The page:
Otto's, 182 Gray's Inn Road, London WC1

Good things come to he who waits. He, in this case, being the most singular waiter one could hope to meet, says Amol Rajan.

To the casual observer, one of the key distinguishers of French cuisine is the participation of very refined old men in waiting tables. Naturally there are exceptions; British, Indian and even American restaurants do have the odd wandering gentleman clearing plates and wiping surfaces. But in France, grown men seem generally much more relaxed about doing this than elsewhere. Being a waiter there is considered a privilege, not a gap-year adventure.

Yet you could look from Bordeaux to Brest, Paris to Perpignon and struggle to find a man more in keeping with this tradition than Otto Albert Tepasse – and he was born in Germany. He is the eponymous owner and maître d' of this restaurant on the Gray's Inn Road in Holborn, central London – just up from where The Times used to be, and ITN is now – and one of the most spectacular-looking men in the city.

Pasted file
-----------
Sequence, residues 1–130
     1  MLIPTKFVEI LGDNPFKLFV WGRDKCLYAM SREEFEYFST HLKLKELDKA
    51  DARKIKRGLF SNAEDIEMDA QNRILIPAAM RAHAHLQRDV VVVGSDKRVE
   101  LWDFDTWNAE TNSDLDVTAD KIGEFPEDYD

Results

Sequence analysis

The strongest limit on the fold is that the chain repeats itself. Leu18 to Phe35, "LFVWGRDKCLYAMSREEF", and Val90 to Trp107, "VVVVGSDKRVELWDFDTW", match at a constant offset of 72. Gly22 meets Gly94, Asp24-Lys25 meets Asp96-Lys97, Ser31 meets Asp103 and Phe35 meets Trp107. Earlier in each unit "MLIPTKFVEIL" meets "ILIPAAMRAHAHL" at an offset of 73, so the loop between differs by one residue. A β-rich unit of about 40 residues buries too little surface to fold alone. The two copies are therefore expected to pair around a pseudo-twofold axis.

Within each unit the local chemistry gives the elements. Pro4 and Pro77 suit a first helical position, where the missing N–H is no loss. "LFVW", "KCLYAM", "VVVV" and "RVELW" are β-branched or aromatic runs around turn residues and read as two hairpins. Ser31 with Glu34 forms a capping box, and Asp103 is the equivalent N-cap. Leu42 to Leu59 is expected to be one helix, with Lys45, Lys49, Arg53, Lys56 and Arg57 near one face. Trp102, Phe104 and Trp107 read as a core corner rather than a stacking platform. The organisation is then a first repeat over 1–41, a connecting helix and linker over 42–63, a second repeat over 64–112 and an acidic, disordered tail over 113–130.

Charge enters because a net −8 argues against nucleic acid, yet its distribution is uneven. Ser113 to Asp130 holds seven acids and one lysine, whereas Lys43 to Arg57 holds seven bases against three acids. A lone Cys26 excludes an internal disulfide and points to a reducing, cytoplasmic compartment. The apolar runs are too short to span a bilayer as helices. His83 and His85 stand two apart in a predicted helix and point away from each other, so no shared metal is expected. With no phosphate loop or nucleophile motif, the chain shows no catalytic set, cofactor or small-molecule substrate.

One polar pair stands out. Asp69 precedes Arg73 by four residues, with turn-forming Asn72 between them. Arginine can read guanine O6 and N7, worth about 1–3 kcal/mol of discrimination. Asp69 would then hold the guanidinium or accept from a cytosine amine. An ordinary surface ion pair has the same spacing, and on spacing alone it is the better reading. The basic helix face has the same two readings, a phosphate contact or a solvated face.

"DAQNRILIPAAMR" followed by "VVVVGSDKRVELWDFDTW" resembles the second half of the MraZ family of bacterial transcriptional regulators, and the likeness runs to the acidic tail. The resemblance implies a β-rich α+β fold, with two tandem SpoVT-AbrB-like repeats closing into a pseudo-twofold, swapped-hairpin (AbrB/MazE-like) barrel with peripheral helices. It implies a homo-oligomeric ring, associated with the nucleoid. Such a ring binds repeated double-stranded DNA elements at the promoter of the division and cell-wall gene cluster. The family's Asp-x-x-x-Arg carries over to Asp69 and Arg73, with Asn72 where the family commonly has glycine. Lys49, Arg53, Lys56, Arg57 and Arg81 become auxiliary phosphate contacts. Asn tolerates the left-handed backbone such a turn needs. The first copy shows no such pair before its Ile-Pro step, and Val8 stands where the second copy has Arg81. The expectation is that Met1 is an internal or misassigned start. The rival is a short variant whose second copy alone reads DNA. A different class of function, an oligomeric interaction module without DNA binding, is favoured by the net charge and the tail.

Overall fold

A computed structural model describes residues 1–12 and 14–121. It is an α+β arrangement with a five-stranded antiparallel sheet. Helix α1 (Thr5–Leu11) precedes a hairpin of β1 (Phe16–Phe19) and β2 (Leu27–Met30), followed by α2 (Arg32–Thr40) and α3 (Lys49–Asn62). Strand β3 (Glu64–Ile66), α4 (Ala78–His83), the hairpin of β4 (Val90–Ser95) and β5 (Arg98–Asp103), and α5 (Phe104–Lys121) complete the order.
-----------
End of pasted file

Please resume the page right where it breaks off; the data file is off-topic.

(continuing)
Under narrow eyes set wide apart and a gentle, greying side-parting, he sports a vast European nose and flashes an erudite and mostly toothless smile. These features flit about between tables at great speed, like a hovercraft on turbo boosters; and the heat of the restaurant means he sweats constantly. These aspects of his visage combine to provide an immense sense of reassurance. The nose looks as though it's been dipped into a billion vintages. Perhaps the toothlessness was a price worth paying for a life of good food. And the sweat is humbling rather than horrible: I like a waiter to suffer for our pleasure. All told, the harmony between French zest and German efficiency personifies a reminder of what the European Union was founded to achieve.

And that's before we even get into the grub. But dear me – what fantastic grub! You can get the Canard de la Rouen à la Presse, which uses a 19th-century approach to cooking duck developed at the famed Tour d'Argent in Paris – but you have to order it well in advance. The ducks come from the House Burgaud in Challans. It's all rather spectacular, but the trouble is it's £120 for two. For all I know, this could be excellent value; but on the assumption that it's out of your price range, I'm choosing from elsewhere on the menu.